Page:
One of the complaints I've heard well articulated before is that replacing the "Start" functionality with the tile interface is rather jarring and particularly removes you from your context.  It seems that the doorway effect - walking through a doorway and forgetting why you entered - may be kicking in here.

To help users not lose their context, why not make the tile background translucent when invoked from the keyboard or mouse?  This could help make it feel like a not-entirely-other world than the old desktop world.
User Rank: Ninja
2/8/2014 | 2:11:39 PM
The squeaky wheel is getting greased
As it should be.  One of the things that annoyed me about MS under Steve Ballmer was the brazen attempts to dictate to the market and make life difficult for perceived enemies without regard to the wants and needs of customers (the people who pay), which should come before all else (investors and employees are paid out of what customers provide).  One of the things I'm hoping for from Satya Nadella is a commitment to put customers (especially end users) first.  I'd like to see a quick end to the monopoly games too, but customer-centrism is both more important (a customer-centric monopolist is a lot more tolerable than a stockholder/executive-centric one could possibly be) and more easily achieved in the short term.

i've no objection to frequent releases, but Mozilla's recent practice of a major release a couple of times a year is ridiculous.  If MS wants to use the quick release model, then there should be a major release once every few years and minor releases every few months.  So Windows might well get up to 8.99 before Windows 9 comes out, but under no circumstances do I want to see Windows 100 in my lifetime.  Major releases should mean something instead of being a mere marketing ploy.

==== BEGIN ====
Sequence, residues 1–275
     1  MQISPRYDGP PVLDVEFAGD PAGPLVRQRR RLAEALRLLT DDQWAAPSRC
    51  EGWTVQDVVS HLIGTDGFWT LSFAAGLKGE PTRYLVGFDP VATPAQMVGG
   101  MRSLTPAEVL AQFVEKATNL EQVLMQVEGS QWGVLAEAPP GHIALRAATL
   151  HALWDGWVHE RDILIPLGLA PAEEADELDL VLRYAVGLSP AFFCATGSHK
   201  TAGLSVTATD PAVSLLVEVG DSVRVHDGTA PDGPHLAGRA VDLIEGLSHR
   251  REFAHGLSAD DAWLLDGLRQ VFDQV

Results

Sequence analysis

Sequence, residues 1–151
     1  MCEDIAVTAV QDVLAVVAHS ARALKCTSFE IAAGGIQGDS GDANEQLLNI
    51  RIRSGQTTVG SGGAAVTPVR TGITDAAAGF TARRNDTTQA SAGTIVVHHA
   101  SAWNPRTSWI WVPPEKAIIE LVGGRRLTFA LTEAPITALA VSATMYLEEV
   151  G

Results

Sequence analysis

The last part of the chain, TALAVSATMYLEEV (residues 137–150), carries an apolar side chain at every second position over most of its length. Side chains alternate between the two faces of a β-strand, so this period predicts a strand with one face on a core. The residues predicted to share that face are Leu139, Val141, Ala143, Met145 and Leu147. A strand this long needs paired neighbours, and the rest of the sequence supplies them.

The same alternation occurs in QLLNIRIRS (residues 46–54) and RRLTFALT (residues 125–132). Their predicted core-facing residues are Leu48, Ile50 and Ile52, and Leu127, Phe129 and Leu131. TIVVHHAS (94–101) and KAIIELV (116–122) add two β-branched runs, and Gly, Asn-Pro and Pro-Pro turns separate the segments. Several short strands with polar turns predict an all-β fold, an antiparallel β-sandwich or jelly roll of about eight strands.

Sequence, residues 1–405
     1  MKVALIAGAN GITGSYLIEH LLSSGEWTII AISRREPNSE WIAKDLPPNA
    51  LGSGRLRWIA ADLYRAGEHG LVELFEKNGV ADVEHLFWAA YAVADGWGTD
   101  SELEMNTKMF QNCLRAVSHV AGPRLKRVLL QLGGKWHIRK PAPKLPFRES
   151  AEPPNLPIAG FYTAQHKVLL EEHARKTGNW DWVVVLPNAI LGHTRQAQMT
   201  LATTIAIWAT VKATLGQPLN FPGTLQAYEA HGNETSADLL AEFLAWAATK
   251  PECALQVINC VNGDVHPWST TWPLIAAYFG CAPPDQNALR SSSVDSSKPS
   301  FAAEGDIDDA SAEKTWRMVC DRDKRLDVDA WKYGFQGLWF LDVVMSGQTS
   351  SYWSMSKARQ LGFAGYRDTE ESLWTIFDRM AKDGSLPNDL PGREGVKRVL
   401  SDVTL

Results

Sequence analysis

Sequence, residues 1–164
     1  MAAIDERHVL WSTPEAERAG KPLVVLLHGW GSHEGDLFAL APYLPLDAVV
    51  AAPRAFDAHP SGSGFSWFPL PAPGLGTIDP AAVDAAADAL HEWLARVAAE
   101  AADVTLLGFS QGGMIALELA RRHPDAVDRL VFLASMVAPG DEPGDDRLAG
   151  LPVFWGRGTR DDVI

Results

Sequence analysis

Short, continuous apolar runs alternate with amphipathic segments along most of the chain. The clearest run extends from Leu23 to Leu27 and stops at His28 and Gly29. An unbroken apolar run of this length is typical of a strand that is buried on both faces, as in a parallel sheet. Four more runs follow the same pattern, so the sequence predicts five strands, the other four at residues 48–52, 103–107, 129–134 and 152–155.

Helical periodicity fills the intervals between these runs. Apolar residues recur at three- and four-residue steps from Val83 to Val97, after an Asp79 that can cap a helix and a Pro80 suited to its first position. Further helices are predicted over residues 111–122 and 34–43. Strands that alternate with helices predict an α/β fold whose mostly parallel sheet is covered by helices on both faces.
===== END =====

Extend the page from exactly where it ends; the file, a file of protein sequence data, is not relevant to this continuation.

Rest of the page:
User Rank: Ninja
2/8/2014 | 10:37:48 AM
Re: Back tracking Microsoft?
Exactly! I was on the beta test forums and the top complaints were Metro and the lack of a start menu plus the lack of hardware support for not that old and not that unusual equipment. Why even have a beta phase when the major complaints of the majority of users are arrogantly ignored? Microsoft got what they deserved, but they should have been hit much harder on that.
User Rank: Apprentice
2/8/2014 | 10:08:48 AM
A day late
...and a dollar short from a company whose motto ought to be "where quality and usability are Job 1.1, SP3".
User Rank: Strategist
2/8/2014 | 9:45:18 AM
Back tracking Microsoft?
So Microsoft is back tracking on Windows 8 given all the backlash and weak PC sales. Go figure, does not take much of a CEO to realize you have to satify your customers. Could have saved themselves some lost sales to listen to beta testers feedback on Windows 8 in the first place.